Remarks: A detailed comparison of Kransia (?) issou-mourensis with several externally similar species is given by Drot (1971, pp. 75–76). This species was assigned to Kransia Westbroek, 1967 by Drot (1971) and to Nalivkinaria Rzhonsnitskaya, 1968 by Schemm-Gregory and Jansen (2005). As stated above, both treatments are unsatisfactory because the type species of Kransia has no true septalium

(Mohanti, 1972) and the type species of Nalivkinaria has a bifid cardinal process.

The discussed species is tentatively included herein in Lebanzuella García-Alcalde, 1999 on account of the pro-nounced similarity of internal structures (thick shell, stout septalium, multilamellar cardinal process, dental plates coalescent with shell wall) and general likeness of or-namentation (bifurcating costae, flattened and grooved on the paries geniculatus). The type species Lebanzuella lebanza (Binnekamp, 1965) comes from the upper part of the Lebanza Formation in the Cantabrian Mountains, to which Binnekamp (1965) assigned a middle Siegenian age. On the evidence of the brachiopod development, i.e., the evolutionary stage of Schizophoria, an early Siegenian age was later suggested by Renouf (1972) for this stratigraph-ic interval and further corroborated with additional data by Carls (1987) and Jansen (2001). The main difference from the distinctly older species is the ornamentation pat-tern consisting of two bundles of costae on the fold, present in Lebanzuella? issoumourensis and absent in L. lebanza. Moreover, the ventral valve is more flattened, the frontal aspect of shell is different in showing a more elevated fold and higher sulcus tongue, the cardinal process has more and more delicate lamellae, and the dorsal median septum is generally more developed.

A biometric comparison of our two samples (Issoumour and Smara; N = 40 for each) allows conclusions about the general similarity of shape, as expressed by nearly identi-cal width-to-length ratios, (0.98–)1.07–1.12(–1.19) [mean 1.09] in the specimens from Issoumour and (0.95–)1.05– –1.14(–1.23) [mean 1.08] in those from the Smara; likewise, the relative width of the tongue is (0.36–)0.43–0.51(–0.60) [mean 0.47] in Issoumour and (0.41–)0.48–0.54–(0.62) [mean 0.51] in Smara. On the other hand, shells from the Smara sample are smaller and significantly thicker than those from the Issoumour sample (see descriptions of sub-species for value ranges and Appendix for the raw data). The size of the studied samples allows checking the constancy of the above-mentioned differences, even if the thickness-to-length ratio is clearly more variable in the Issoumour sample than in the Smara sample. As a consequence, a for-mal distinction at the rank of subspecies is proposed for the specimens of the two samples as below.

Distribution: North Africa, in all cases probably Givetian (see details under respective subspecies). Kransia cf. issou-mourensis was reported (without description) from faunistic intervals 21–22 (upper Givetian to Frasnian?) of the Asturo-Leonese Domain (Spain) by García-Alcalde (1996).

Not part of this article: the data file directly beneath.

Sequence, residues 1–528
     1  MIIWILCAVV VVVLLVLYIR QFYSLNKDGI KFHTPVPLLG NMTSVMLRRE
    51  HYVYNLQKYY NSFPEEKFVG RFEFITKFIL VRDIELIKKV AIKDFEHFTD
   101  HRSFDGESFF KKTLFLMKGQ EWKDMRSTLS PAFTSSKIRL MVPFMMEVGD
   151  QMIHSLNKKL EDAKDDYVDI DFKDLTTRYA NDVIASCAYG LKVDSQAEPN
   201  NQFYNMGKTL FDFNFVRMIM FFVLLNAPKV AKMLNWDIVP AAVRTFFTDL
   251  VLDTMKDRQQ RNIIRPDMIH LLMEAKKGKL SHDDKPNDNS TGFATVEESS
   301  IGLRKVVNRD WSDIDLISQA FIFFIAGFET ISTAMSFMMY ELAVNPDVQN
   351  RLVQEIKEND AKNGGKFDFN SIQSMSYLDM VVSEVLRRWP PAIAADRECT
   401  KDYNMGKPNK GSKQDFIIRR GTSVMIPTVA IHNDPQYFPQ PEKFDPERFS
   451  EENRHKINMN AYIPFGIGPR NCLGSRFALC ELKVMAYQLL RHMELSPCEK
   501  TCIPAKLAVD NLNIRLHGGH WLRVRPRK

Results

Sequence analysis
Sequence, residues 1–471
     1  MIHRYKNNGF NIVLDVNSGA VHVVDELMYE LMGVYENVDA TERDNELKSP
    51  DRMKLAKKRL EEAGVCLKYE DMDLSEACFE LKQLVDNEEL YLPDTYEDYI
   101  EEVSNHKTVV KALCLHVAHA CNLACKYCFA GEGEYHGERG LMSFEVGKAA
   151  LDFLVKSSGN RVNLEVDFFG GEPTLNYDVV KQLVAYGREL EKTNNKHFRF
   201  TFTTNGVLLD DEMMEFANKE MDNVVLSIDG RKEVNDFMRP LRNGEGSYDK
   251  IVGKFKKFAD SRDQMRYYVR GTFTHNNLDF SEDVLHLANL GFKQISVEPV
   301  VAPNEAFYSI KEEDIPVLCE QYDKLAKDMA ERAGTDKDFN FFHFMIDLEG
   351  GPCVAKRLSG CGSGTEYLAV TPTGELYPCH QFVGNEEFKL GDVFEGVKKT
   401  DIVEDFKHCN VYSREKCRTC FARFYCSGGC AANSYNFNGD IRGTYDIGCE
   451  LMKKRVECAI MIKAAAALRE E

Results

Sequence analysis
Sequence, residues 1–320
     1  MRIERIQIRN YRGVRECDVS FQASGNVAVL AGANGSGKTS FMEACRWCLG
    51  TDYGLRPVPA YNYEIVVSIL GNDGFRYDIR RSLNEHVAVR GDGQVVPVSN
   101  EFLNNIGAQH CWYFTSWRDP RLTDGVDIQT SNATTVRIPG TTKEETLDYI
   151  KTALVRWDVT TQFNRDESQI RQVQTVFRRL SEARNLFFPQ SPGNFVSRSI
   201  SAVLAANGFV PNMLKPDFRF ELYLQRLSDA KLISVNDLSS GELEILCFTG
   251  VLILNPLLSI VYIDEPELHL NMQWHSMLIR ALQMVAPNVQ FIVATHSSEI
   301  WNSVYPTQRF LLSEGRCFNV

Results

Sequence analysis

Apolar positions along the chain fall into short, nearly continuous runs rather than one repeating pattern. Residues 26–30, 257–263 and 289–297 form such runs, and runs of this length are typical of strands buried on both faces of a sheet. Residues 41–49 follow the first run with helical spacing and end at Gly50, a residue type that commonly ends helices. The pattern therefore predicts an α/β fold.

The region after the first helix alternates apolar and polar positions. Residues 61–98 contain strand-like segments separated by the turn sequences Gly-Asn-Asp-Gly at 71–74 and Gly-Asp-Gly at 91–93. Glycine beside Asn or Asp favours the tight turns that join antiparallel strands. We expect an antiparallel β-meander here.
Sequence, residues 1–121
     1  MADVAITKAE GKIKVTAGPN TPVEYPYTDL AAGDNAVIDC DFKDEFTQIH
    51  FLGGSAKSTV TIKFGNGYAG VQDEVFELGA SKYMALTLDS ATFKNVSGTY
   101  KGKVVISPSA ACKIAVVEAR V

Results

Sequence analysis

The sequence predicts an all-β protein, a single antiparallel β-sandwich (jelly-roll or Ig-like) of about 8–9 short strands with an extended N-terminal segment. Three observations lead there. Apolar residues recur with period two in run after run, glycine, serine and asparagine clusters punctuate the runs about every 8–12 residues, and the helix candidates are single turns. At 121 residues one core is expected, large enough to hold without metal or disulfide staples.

Lebanzuella? issoumourensis issoumourensis (Drot, 1971) Figs 2A–T, 3, 5

* 1971 Kransia (?) issoumourensis n. sp. – Drot, pp. 72–76; text-pl. 2; pl. 1, figs 4, 5.

Type material, locality and stratum: as for the species. Material: 250 articulated shells from outcrop “Maider (Marokko) (93) Lesefunde Mergelhänge Jbel Issoumour 11 km SW Bou-Dib, Mittel-Devon”, Jbel Issoumour (coll. V. Ebbighausen), MB.B.9393.




Fig. 2. Lebanzuella? issoumourensis (Drot, 1971) from the Givetian of North Africa [A–T, Lebanzuella? issoumourensis

issoumouren-sis (Drot, 1971) from Jbel Issoumour; U–NN, Lebanzuella? issoumourenissoumouren-sis smarenissoumouren-sis ssp. nov. from Western Sahara]. Articulated shells in dorsal, ventral, lateral, anterior, and posterior views. A–E, F–J, K–O, P–T. Shells MB.B.9393.13, 9393.14, 9393.5, and 9393.18 from Jbel Issoumour (11 km SW Bou-Dib, coll. V. Ebbighausen). U–Y, Z–DD, EE–II, JJ–NN. Shells SMF 99605.9 (paratype), 99605.2 (ho-lotype), 99605.11, and 99605.24 (paratypes) from locality Bryo1 near Smara (coll. U. Jansen).


Fig. 3. Transverse serial sections of Lebanzuella? issoumourensis issoumourensis (Drot, 1971) through the shells MB.B.9393.41, 42, 43 (A, B, C) from Jbel Issoumour (11 km SW of Bou-Dib, coll. V. Ebbighausen). Distances measured in millimetres from the tip of the ventral




Fig. 4. Transverse serial sections of Lebanzuella? issoumourensis smarensis ssp. nov. through the shells SMF 99662 (A),

SMF 99663 (B), and SMF 99664 (C), all three from locality Bryo1, Western Sahara (specimens sectioned by the late M. Schemm-Gregory). Distances measured in millimetres from the tip of the ventral umbo. Greyed areas denote local recrystallization.

Description: Shell middle-sized (mean width 14.7 mm), moderately thick [thickness-to-length ratio (0.66–)0.74– –0.86(–1.00), mean 0.80].

Distribution: North Africa, Maïder, Jbel Issoumour; prob-ably Givetian.

Lebanzuella? issoumourensis smarensis ssp. nov. Figs 2U–NN, 4, 5

v. 2005 Nalivkinaria issoumourensis – Schemm-Gregory and Jansen, p. 27.

Type material: Holotype (designated herein), artic-ulated shell SMF 99605.2, illustrated in Fig. 2Z–DD. 488 other specimens (paratypes) from Western Sahara (456 from Bryo1, 28 from loc. 25, and 5 from loc. 26), SMF 99603–99610.

Type locality and stratum: Locality Bryo1 (26°32.877′N, 11°29.657′W) near Smara, Tindouf Syncline; Givetian. Etymology: From the town of Smara (Arabic: as-Samāra; also: Semara, Esmara) near the type locality.

Diagnosis: Like Lebanzuella? issoumourensis issoumouren-sis (Drot, 1971), but with smaller and thicker shells. Description: Shell rather small to middle-sized (mean width 12.7 mm), very thick [thickness-to-length ratio (0.95–) 1.05–1.14(–1.23), mean 1.08].

Distribution: North Africa, Tindouf Syncline, Smara re-gion; probably Givetian.

Genus Kransia Westbroek, 1967

Type species: Terebratula parallelepipeda Bronn, 1834 in 1834–38 [“1835–37”] (see discussion in Mohanti, 1972; Halamski and Baliński, 2013, p. 265).